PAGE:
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(“the knowledge of the art of living”),� a term taken from the traditions of the Circassians, and especially the Abkhazians, of the Caucasus. Kebzeh is a combination of philosophy and practice, aimed at awakening latent human faculties that are ignored in the attainment of modern enlightenment. Yagan and his followers in Canada founded the Kebzeh society, which was made up of a group of followers living in Yagan’s vicinity in the town of Vernon in the Okanagen region of British Columbia, as well as additional followers in North  America.� While the ��rst circle of Yagan’s disciples seemed to number a few hundred, many more were exposed to his ideas and have spread out in various parts of the world. The ��nal version of this article comes at a time when the teaching of Kebzeh and the Kebzeh followers are entering a new stage, following Yagan’s death in December, 2013 at the age of ninety-eight.� Three interrelated elements in the emergence of Yagan’s ethos will be discussed: (1) Cultural connections between Turkey, the Caucasus, and Canada; (2) The impact of multiculturalism, ethnicity and cultural heritage on the formation of a new type of spiritualism in immigrant societies as manifested in the evolution of Kebzeh; (3) Kebzeh as a component of the mysticism of Su�� circles in Canada, a relatively unexplored milieu in this context in comparison to the �.�. and Europe.�  Yagan perceived Kebzeh as a New Age spirituality aimed at purifying the human body and soul and nurturing qualities of love. He often discussed the

2 Literally, “the ethos (or spirit) of the nobles.” For an impression of Yagan and his teaching, see  A. Viacheslav Chirikba, “Abkhazian Wiseman From Vernon,” Respublika Abkhazia , Sukhum,  Abkhazia, 21–22 April 2001. For an English translation, see Lucy Feldman at: http://chirikba .com/index.php?option=com_content&view=article&id=87%3Aabkhazian-wiseman-from vernon&catid=37%3A2011-02-27-08-28-58&Itemid=55&lang=ru (accessed 27 November, 2011). Chirikba, a well-known Abkhazian linguistic authority, was invited to Vernon by the Kebzeh Society. He became minister of foreign a�fairs of Abkhazia in 2011. 3 This ��gure is based on the estimation of di�ferent active members of the Kebzeh society.  About seventy-eighty people came to the gathering that we documented, with few more from the area who came to speci��c activities. Most of them were middle class white North  Americans, from the �.�. and Canada, men and women alike. The majority came from a Christian background, but some came from a Jewish background. However, there were also people with di�ferent backgrounds: an Iranian immigrant, new members from Europe and South America who came to live in Vernon for di�ferent periods of time, et cetera. 4 http://www.kebzeh.org/MYaganObit.htm (accessed 16 February, 2014). 5 For a brief description of Su��sm in Canada, see Marcia Hermansen, “Hybrid Identity Formations in Muslim America: The Case of American Su�� Movements,”  Muslim World  90.1–2 (2000): 175–6.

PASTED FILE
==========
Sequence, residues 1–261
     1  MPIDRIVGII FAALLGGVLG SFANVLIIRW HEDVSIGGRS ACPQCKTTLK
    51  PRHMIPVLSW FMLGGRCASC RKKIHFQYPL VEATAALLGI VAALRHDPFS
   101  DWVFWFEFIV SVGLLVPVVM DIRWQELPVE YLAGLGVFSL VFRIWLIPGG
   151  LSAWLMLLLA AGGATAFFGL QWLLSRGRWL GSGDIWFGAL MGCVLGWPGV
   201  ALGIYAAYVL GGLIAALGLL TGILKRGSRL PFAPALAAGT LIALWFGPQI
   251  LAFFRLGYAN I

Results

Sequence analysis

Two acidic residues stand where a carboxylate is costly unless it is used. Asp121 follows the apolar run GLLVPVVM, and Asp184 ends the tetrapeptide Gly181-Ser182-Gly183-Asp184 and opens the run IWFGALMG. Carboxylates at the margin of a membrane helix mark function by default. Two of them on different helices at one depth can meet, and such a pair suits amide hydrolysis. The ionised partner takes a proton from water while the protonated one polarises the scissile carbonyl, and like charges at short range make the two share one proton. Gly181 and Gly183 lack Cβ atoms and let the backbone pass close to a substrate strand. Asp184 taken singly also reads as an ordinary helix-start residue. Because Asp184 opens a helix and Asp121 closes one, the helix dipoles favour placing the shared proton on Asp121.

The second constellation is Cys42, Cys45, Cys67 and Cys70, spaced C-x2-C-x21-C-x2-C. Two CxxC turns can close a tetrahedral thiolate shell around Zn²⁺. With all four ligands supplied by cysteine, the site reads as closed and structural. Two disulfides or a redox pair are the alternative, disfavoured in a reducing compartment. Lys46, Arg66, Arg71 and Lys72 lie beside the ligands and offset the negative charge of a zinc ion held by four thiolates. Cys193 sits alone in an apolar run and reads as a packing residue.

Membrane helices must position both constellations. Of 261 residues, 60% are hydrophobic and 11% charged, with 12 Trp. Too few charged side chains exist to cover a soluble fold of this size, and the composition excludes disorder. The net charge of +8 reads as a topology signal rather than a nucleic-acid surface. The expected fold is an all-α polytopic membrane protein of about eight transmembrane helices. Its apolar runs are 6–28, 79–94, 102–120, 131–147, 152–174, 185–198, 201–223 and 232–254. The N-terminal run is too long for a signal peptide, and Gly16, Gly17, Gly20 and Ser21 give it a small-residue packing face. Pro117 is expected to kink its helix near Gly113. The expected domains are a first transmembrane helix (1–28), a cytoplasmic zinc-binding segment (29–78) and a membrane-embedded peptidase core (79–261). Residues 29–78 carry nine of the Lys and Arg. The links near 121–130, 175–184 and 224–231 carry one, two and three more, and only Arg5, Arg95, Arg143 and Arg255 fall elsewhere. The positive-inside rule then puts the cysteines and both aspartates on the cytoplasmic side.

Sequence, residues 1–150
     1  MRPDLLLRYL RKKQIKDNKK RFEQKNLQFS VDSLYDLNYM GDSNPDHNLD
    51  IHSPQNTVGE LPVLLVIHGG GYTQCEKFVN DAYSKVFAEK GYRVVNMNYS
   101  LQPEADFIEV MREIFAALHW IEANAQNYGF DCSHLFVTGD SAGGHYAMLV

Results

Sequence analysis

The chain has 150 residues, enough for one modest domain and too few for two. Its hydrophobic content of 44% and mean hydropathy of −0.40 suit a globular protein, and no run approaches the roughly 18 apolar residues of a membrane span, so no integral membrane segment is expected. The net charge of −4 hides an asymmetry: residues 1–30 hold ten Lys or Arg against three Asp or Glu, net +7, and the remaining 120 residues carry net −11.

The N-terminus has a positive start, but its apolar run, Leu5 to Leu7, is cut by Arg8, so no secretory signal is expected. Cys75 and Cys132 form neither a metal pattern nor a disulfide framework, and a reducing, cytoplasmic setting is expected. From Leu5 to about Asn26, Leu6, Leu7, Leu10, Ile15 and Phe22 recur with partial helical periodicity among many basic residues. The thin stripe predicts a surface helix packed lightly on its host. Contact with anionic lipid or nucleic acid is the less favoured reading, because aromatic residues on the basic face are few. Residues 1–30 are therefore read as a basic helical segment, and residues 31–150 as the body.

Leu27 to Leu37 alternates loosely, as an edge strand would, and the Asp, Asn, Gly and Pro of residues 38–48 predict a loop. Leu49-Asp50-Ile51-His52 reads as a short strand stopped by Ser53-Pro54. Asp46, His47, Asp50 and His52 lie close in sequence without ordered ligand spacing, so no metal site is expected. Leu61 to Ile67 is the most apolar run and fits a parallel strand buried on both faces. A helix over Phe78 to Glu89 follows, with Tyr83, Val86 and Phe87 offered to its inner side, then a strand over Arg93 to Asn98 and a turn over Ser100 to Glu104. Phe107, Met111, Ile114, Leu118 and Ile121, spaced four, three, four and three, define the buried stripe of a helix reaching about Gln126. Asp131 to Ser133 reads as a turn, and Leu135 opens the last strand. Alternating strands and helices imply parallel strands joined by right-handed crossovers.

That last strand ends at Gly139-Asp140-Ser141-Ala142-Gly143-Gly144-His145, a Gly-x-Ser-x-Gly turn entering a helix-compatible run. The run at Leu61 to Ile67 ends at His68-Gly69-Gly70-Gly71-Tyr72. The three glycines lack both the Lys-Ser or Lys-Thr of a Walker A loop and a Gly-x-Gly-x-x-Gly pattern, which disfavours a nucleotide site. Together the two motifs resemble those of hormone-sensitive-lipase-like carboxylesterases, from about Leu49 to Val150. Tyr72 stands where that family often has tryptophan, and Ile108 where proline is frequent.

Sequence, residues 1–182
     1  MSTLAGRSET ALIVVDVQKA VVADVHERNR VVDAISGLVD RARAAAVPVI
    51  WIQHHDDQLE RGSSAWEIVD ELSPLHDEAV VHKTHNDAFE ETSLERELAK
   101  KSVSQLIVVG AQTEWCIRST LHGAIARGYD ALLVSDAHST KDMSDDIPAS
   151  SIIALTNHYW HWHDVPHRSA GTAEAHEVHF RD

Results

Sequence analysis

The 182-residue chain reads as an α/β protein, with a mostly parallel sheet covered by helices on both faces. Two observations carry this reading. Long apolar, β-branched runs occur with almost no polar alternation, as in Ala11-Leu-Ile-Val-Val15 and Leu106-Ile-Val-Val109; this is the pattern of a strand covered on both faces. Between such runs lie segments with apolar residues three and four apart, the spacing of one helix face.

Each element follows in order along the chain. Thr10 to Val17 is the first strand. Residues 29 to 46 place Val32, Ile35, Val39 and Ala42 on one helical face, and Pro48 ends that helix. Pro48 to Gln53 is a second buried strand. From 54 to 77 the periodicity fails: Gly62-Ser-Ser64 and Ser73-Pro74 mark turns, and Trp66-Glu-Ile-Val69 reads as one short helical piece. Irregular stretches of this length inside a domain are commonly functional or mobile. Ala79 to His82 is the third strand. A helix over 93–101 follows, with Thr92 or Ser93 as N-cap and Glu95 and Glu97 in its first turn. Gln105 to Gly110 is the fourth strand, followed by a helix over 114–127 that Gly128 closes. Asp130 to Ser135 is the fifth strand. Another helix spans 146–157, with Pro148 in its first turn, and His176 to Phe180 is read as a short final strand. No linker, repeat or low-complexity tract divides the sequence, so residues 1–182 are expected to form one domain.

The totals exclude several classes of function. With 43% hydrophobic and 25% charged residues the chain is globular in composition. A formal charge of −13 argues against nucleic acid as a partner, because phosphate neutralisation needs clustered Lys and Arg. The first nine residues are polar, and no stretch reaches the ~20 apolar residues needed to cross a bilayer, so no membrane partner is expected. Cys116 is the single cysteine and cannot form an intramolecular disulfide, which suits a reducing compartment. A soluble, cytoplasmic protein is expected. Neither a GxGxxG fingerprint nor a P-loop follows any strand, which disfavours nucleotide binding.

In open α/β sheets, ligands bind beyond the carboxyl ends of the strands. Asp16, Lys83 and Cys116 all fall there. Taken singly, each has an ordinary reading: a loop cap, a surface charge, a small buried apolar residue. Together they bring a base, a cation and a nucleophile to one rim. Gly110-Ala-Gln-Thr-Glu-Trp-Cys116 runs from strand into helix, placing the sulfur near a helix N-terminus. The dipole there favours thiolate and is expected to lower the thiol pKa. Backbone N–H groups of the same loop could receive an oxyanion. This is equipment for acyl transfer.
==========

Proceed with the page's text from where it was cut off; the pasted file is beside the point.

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signi��cance and the opportunities ushered in by the New Age.� However, unlike many New Age ideas that focus on the individual, Kebzeh teaching emphasizes the importance of belonging to a group or community, and of modesty and humility in relation to communal interests. Yagan linked these ideas to Su�� philosophy and practices, as well as to the ancient traditions of the Caucasus. Moreover, he also accorded a central place in his teaching to  Jesus, whom he called “the greatest Su�� ever.” In the authors’ view, the teaching of Kebzeh is closely connected to the history of the dissemination of Su��sm in North America during the latter twentieth century, but at the same time it is a new phenomenon in that it relates to other traditions as well. Yagan’s ability to intertwine Su��, Abkhazian/Circassian and Christian ideas enabled him to mold his teaching into a cosmopolitan and universal vision. The study of Kebzeh and its evolution thereby o�fers insights into the complexity of New Age spirituality in the West in the context of immigration and multiculturalism. Our approach combines anthropological and historical perspectives. The methodology draws upon ��eld work conducted in Vernon, British Columbia (summer 2009), Jerusalem (summer 2010) and Abkhazia (summer 2011), and textual analyses of Yagan’s teaching found in his books and other publications. The main ��eld work, conducted in Vernon, included interviews with Yagan and his students and attendance at the annual gathering of the Kebzeh Foundation.�

Murat Yagan: Biographical Background

 Yagan, born into the Abkhazian-Abaza aristocracy of the Ashkhara region in northern Caucasus in 1915,� emigrated to Turkey with his family in 1918 under the leadership of his grandfather, accompanied by his tribesmen, and settled in southeastern Anatolia. Later, Yagan’s family moved to Istanbul, where he

6 Yagan de��ned the “New Age” as “the age of the marriage of new positive science and mysticism” (Yagan, The Essence of Su��sm in the Light of Kebzeh [Vernon, �.�.: Kebzeh Publications, 2009], 354). 7 The ��eld work in Abkhazia focused on the teaching of Kebzeh in relation to the interactions between Abkhaz and Adyghe cultures in the Caucasus and in the Circassian diaspora, and interviews with Abkhazian scholars and intellectuals. Field work in Jerusalem concentrated on the activity of students of Yagan who are active there. 8 On Abkhaz and Abaza (or Abazin), see John Colarusso, “Abkhazia,” Central Asian Survey 14.1 (1995): 75–97; and H. Krag and L. Funch, The North Caucasus: Minority at a Crossroads (London: International Minority Rights Group, 1994).